Bowen decided he was going to have to try harder to be bad and so sought the company of the acutely undesirable.  Surely that would be enough to get back at his father for letting his mother die! Unfortunately however, Bowen’s gift for good followed him.
 While heading west he joined an outlaw gang.  Within two weeks of joining half of their lot came down with a bad case of “the guilts” and began to turn themselves in! The other half were none too happy to have to disband in order to save their hides from their blabber mouthed ex-partners and so blamed Bowen for their plight. Sadly, this left him with no place to go.  Depressed and alone it didn’t stop there. 
 He joined another gang and while trying to rob a train, saved a baby instead.  This did nothing to improve his already damaged “rough and tough” image in the outlaw world, so Bowen had to find another gang to hook up with.  He did, and within a month managed to get the entire gang arrested during a stagecoach robbery in which he appeared to have saved the stagecoach drivers and passengers, (one of which was the niece of the owner of the stage line) and got an honorary mention in the local gazette to boot. This sad turn of events only served to bring Bowen even lower and he was beginning to think perhaps he should seek a solo career when it came to pursuing a life of crime.
 That, however, didn’t go over well either. He tried to rob a bank by first setting a wagon on fire to use as a distraction.  However, due to a shift of wind the local gambling house caught on fire and Bowen wound up on the fire brigade along with everyone else in town.  The gambling house was destroyed which was a darn shame for the gamblers, but the Ladies Society for Godly Living rejoiced that their prayers had been answered and their husbands were now home at night.
 And so, this brings us to the present where we find one Bowen James Drake a frustrated, depressed, bad-boy-wanna-be with no place to go and no gang to belong to.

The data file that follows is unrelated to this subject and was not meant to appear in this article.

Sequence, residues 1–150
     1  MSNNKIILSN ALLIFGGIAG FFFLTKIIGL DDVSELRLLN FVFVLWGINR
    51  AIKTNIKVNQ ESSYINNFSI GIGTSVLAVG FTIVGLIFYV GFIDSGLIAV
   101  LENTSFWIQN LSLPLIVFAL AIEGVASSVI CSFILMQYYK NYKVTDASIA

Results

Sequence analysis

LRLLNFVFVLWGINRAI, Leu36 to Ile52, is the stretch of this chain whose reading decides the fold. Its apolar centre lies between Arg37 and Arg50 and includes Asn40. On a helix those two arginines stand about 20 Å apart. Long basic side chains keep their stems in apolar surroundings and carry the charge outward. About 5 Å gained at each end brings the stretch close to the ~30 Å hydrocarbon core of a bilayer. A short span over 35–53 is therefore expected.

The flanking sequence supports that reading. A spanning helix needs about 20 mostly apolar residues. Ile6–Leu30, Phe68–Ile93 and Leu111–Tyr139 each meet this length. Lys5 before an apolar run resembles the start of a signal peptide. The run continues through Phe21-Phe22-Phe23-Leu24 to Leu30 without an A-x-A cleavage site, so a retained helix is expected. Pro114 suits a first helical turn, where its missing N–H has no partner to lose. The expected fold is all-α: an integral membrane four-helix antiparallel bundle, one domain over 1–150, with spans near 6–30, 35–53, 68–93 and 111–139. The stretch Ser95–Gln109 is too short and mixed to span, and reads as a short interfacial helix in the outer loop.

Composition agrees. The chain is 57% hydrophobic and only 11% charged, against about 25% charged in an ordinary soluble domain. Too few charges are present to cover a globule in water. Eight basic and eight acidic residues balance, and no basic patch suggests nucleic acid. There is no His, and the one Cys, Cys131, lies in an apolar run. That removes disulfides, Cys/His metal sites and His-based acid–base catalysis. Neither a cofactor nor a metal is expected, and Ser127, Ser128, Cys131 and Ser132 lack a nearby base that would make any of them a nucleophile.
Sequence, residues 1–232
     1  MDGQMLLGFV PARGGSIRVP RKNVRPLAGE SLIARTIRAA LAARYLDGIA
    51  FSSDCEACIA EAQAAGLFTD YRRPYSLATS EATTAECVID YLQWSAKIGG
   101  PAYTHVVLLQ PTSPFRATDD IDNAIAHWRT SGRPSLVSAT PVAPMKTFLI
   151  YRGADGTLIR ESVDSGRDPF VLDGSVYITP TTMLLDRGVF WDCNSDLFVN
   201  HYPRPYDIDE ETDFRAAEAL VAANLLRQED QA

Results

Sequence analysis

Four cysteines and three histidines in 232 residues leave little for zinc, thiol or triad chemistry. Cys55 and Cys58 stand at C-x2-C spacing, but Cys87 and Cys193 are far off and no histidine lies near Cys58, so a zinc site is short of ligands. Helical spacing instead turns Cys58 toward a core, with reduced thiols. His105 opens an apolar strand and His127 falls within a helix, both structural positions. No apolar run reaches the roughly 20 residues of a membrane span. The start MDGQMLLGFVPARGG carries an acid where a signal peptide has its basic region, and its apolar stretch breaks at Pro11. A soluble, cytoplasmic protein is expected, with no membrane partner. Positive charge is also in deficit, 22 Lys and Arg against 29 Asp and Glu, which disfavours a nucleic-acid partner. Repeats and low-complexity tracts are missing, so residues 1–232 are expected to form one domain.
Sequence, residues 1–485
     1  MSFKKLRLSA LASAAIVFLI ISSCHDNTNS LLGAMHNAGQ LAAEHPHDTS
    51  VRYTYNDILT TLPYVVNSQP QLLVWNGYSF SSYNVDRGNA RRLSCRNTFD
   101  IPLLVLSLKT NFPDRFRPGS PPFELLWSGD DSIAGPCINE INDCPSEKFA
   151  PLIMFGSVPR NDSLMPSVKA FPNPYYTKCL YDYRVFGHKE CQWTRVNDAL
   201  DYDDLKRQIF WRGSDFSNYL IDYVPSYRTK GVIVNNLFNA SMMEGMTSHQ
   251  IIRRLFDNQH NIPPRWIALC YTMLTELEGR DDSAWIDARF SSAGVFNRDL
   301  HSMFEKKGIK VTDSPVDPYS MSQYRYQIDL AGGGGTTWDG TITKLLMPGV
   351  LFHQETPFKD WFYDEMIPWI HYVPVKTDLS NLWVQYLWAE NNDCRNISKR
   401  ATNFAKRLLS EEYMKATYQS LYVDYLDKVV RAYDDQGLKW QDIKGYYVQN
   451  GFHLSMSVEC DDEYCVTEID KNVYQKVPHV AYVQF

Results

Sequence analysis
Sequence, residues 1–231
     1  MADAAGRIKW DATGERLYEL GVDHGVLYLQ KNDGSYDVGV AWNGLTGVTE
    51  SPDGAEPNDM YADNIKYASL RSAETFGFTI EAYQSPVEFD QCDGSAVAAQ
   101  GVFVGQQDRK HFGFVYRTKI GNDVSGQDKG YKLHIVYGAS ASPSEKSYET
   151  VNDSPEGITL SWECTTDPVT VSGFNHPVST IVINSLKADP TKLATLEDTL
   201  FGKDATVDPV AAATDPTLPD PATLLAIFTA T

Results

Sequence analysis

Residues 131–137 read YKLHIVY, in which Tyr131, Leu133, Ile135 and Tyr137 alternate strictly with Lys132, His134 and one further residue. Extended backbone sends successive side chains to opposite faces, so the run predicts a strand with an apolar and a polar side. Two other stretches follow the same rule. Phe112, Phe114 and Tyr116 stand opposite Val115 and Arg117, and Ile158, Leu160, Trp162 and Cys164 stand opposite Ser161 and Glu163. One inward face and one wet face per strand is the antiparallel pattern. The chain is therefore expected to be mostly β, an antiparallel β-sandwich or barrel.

After all, what gang wanted a man with such a bad reputation for being good? But the worst of it was the fact his father was elated whenever he found out about Bowen’s heroic exploits, let everyone in Philadelphia society know about them, then got stinking drunk to celebrate.  This, of course, brought Bowen even lower.
 So, he left.  Left to go as far west as he could to get away from his hypocritical father and the horrendous loss of his mother.  And though Bowen had his special gift, one in which seemed to enable folks to get "well" in a manner of speaking, he could care less whether he himself lived or died.  For even though things always worked out for the better where others were concerned when in his company, they never seemed to work out for him.
 He still hated his father for letting his mother die.
 He still thought his father a horrible hypocrite.
 He still didn’t want anything to do with doctoring as a life long vocation.

 And he still, just once, would like to see something go wrong with everything around him just to let himself know he was “normal” because at this point Bowen was beginning to feel like a freak of nature. He even actually began to pray for it to come about. Obviously no one told Bowen the old saying, watch what you pray for …


  1. I hope you enjoy it! Bowen and Elsie's story was a lot of fun to write. Grandma steals it though!